The TANF Subsidized Jobs Program: Helping the Market Get Closer to Full Employment

September 10th, 2013 at 4:47 pm

In policy discussions about getting back to full employment, I often make the point that if the market fails to create the needed quantity of jobs, there’s a role for policy to help make up the difference.  Many find that a radical idea, or at least one that perhaps made sense in the 1930s, but is antiquated by now.

What if I told you that, in fact, there recently was such a program—a temporary one that was an unheralded part of the Recovery Act—that in its heyday placed “more than 260,000 low-income adults and youth in temporary jobs in the private and public sectors…?”

Well, there was.  The above quote comes from a post on the CBPP blog yesterday by my colleague Donna Pavetti.  She, in turn, is citing a new evaluation of the TANF (Temporary Assitance for Needy Families) Emergency Fund, a program wherein state employment programs worked with employers, mostly in the private sector, to create jobs where, for a limited time, the wage is mostly paid by the federal government.  Most states—39 in all—joined in and used $1.3 billion to subsidize job creation.  That comes to $5,000 a job, which in this business is known as big bang-for-the-buck.

Here’s a summary of the findings from the new study:

  • Participation in subsidized employment programs led to significant increases in employment and earnings. Participants in four of the five programs covered by the study were much more likely to have an unsubsidized job in the year after working in a subsidized job than in the year before joining the program.  The findings from Florida are especially noteworthy because researchers could compare participants with applicants who were eligible for the program but didn’t receive a subsidized job. There, participants earned an average of $4,000 more in the year after the program than in the year before it, compared to a $1,500 increase for people in the comparison group (see figure below).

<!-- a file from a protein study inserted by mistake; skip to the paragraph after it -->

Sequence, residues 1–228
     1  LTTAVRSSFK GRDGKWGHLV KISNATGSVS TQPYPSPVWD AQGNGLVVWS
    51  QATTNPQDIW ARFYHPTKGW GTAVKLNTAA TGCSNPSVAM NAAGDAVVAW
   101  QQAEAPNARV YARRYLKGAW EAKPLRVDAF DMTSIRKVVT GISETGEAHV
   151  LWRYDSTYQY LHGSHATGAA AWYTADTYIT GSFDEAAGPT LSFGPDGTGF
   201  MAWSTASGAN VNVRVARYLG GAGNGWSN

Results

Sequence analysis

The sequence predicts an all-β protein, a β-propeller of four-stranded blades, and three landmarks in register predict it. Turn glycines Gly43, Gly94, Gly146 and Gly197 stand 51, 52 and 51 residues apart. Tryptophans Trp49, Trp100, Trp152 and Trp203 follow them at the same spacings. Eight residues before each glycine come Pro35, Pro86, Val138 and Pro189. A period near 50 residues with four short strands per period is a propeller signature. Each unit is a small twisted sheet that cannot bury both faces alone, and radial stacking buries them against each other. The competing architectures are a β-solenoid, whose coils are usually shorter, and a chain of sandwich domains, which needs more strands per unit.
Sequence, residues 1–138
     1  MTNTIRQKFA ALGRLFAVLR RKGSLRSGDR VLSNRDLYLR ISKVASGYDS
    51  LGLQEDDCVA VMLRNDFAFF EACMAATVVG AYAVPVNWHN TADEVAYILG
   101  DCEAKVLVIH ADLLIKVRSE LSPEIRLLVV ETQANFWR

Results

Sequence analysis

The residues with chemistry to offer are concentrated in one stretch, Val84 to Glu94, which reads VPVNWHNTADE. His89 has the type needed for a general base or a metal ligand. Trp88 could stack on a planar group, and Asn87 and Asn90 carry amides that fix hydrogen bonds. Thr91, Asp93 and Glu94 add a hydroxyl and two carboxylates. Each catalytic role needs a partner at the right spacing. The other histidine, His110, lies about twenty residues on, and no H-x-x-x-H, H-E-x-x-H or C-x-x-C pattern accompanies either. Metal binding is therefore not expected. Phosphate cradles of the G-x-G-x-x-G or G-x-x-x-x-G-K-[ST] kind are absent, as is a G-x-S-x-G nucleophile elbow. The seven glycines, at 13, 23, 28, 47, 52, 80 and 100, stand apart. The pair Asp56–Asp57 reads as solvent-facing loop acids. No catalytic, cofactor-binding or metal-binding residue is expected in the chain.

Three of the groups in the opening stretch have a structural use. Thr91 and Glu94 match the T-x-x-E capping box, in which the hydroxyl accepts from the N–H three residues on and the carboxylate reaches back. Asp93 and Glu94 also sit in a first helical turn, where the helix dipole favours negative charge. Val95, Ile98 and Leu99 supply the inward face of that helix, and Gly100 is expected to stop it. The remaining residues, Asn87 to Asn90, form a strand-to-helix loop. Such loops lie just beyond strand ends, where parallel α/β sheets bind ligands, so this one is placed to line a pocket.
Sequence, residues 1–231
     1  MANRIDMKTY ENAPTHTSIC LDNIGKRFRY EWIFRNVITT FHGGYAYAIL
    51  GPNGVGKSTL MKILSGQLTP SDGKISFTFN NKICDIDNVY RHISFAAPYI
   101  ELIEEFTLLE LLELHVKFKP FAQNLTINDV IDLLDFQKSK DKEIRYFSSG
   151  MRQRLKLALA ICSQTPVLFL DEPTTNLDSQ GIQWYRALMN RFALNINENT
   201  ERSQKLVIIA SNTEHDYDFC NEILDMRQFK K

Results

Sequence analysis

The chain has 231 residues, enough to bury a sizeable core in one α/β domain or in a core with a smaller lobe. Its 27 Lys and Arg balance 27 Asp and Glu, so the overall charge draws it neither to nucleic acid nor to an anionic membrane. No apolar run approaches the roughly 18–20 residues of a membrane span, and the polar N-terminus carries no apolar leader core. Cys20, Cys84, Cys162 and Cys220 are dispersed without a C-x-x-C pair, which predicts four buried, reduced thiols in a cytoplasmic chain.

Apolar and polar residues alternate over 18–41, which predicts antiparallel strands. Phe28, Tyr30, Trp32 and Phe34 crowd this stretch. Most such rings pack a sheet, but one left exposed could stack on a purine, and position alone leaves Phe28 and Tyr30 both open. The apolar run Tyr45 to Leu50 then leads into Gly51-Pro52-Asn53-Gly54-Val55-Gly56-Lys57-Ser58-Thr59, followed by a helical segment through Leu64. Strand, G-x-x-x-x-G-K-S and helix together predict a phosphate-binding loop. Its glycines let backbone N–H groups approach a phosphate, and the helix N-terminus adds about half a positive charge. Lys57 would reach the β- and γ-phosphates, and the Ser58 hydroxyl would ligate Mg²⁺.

• The programs were especially effective for the long-term unemployed. In Mississippi and Florida, average annual earnings of the long-term unemployed rose by about $7,000 after participating; in Los Angeles and Wisconsin, they rose by about $4,000. In all four sites, earnings rose much more among the long-term unemployed than among people who had been unemployed for shorter periods.